Projecting the number of downloads for torrents

One of my current projects is Over 9000, a visualization that shows which anime series are currently popular. I get the data by scraping a popular anime torrent site every day and come up with a single number that represents the popularity of a show.

The problem with average number of downloads

I started off by taking the most recent download count per episode and averaging. That works well but leads to unstable rankings when new episodes are released. Let’s take Tokyo Ghoul Root A, Episode 3 for example.

Scrape 1: 0.12 days after release, 20,000 downloads
Scrape 2: 1.12 days after release, 60,400 downloads
Scrape 3: 2.13 days after release, 70,100 downloads

Scrape 14: 13.14 days after release, 97,900 downloads

Compared to episodes of other shows this is very popular. But on the first day of a new episode we’ve only seen 20,000 so it drags down the average. That affects the overall rankings by demoting any series with a new episode. It also means that shows with older episodes will get a slight boost.

Tokyo Ghoul Root A Episode 3 downloads

Solution: Extrapolate number of downloads at 7 days

The download graphs look predictable. So we can probably train a computer to predict. My first thought was to fit a curve. It looks like a log graph: fewer and fewer new downloads per day and it doesn’t look like it has an asymptote.

First attempt (Predicted_1 below): b * log(time_since_release + a)

The a is there because we want the curve to fit (0, 0): zero downloads at release. But log(0) is undefined. The b is there because some series/episodes get more downloads per day than others.

And I used scipy.optimize.curve_fit to fit this function to each episode individually. It worked alright but would always overestimate after a while. Compared to the projections it seemed that actual downloads were slowing down.

Anime download prediction

Second attempt (Predicted_2): b * log(time_since_release + a) ^ c

This fit the data much better. But of course it should! The effect of c can’t be done by or b and I’m basically seeing how well it fits my training data.

I also evaluated by extrapolating from the first few days and measuring accuracy at day 7 which is a better test.

Now what?

Now I can fit a curve to the first few days and plug in f(7) to estimate the number of downloads at day 7. Then I can use the estimated downloads in averaging.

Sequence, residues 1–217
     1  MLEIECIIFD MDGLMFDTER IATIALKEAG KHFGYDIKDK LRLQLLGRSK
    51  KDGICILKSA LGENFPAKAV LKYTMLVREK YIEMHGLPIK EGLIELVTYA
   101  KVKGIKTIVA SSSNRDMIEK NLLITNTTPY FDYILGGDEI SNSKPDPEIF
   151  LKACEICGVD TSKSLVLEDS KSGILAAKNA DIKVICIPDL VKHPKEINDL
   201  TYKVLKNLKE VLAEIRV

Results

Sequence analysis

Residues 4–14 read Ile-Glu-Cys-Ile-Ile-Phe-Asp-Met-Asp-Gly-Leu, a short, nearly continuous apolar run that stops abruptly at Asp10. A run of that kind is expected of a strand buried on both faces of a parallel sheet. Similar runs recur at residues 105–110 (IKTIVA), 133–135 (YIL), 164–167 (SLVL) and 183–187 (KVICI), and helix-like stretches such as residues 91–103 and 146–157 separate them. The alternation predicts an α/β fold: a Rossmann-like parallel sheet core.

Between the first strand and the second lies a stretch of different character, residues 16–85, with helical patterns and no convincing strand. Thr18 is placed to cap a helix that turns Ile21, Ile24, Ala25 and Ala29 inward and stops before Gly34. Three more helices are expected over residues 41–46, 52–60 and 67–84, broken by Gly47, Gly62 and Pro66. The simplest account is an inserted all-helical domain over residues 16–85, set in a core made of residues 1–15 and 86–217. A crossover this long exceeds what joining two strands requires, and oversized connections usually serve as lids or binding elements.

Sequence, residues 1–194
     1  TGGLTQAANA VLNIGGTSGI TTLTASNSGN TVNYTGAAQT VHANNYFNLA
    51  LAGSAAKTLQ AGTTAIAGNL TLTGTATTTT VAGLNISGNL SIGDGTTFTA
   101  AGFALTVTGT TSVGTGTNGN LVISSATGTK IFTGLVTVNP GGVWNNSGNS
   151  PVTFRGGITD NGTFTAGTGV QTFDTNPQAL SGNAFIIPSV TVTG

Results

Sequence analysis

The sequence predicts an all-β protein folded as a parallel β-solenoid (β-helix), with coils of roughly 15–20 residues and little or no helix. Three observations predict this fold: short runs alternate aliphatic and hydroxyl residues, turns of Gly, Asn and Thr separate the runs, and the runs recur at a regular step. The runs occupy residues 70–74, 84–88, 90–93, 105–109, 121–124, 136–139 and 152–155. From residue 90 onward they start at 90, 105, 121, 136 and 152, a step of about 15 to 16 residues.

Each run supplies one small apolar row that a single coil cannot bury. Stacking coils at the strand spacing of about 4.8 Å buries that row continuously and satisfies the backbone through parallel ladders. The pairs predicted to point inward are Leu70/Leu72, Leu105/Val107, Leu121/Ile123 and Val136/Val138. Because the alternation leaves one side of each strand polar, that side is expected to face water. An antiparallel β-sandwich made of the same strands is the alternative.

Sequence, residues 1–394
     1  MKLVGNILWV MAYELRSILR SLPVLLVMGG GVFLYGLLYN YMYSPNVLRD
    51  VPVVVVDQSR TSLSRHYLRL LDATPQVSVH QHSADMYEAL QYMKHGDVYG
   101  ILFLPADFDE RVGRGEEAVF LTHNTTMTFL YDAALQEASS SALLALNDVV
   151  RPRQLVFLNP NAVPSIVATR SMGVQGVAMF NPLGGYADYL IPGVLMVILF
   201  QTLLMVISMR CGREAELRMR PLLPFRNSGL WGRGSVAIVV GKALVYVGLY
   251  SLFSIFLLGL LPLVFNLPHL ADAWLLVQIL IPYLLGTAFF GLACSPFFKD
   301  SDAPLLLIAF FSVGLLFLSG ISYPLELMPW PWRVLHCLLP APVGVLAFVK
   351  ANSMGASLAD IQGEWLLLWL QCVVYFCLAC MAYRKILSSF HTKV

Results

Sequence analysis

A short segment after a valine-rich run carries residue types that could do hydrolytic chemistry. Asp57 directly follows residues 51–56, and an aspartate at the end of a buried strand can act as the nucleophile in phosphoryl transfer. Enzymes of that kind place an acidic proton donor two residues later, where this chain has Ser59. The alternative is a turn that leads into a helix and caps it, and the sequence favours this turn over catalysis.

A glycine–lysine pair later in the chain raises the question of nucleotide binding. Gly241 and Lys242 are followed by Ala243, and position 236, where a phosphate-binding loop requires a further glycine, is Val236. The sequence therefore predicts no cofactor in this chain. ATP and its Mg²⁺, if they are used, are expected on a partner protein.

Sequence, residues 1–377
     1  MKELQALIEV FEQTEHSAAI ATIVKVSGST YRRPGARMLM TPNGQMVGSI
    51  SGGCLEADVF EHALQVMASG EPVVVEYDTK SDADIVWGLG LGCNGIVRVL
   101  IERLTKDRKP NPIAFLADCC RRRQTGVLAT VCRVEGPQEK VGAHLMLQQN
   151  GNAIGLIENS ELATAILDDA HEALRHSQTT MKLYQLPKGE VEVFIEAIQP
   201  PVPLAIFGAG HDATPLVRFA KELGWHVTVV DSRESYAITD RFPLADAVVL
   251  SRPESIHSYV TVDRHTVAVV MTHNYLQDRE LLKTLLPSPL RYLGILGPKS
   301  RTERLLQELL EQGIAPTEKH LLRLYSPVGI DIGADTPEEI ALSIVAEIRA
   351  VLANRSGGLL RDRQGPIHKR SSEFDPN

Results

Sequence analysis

But… you can’t fit that function to only 1 day of data plus (0, 0). You need at least one more datapoint. Compared to the old values these are much more accurate but won’t be available for one more day.

Also, when we only have 2 points I’d expect the estimate to be poor. It’s important to understand that better. So I processed episodes where I had 7+ days of data and computed the accuracy of f(7) when I learned f from 2 days of data, 3 days, 4 days, etc. I found this:

Estimate from 2 days: 84.6% accurate
Estimate from 3 days: 86.7% accurate
Estimate from 4 days: 91.6% accurate
Estimate from 5 days: 92.1% accurate
and so on….

That provides me a little robustness: Instead of a plain average I can use a weighted average where the accuracy of extrapolation is used as the weight.

Wow so this is working?

Uhhh… on my local machine. The daily job runs on Heroku which I learned can’t install scipy! Luckily I found a guide to using Anaconda on Heroku to get around this so I’ll try that out.

Why not linear regression?

Afterwards I was thinking that even linear regression might solve this problem reasonably. There are two issues though:

  • I’d need to train the model explicitly to predict downloads at 7 days. If I ever change my mind I’d need to retrain the whole model. I was also feeling lazy and didn’t want to do much feature engineering.
  • Fitting a log curve is adding bias or prior knowledge: I’m telling it to learn within a very constrained hypothesis space. That makes it more robust with very little data. I could achieve the same with linear regression but I’d need to only supply 3 features which makes feature engineering harder.

Assorted notes

  • The data is incomplete: I don’t know how many downloads the episodes were getting before I started crawling. So I have to be careful to exclude old releases.
  • Similarly, old releases eventually fall of the lists I can scrape (but not all releases of an episode at a time!). To get around that I filter any data that says the number of downloads decreases from one day to another.
  • Sometimes I get numerical errors in fitting the curve so I need a plan b.
  • When I say I compare against the prediction at day 7, I really mean the scraped value that’s closest to day 7.
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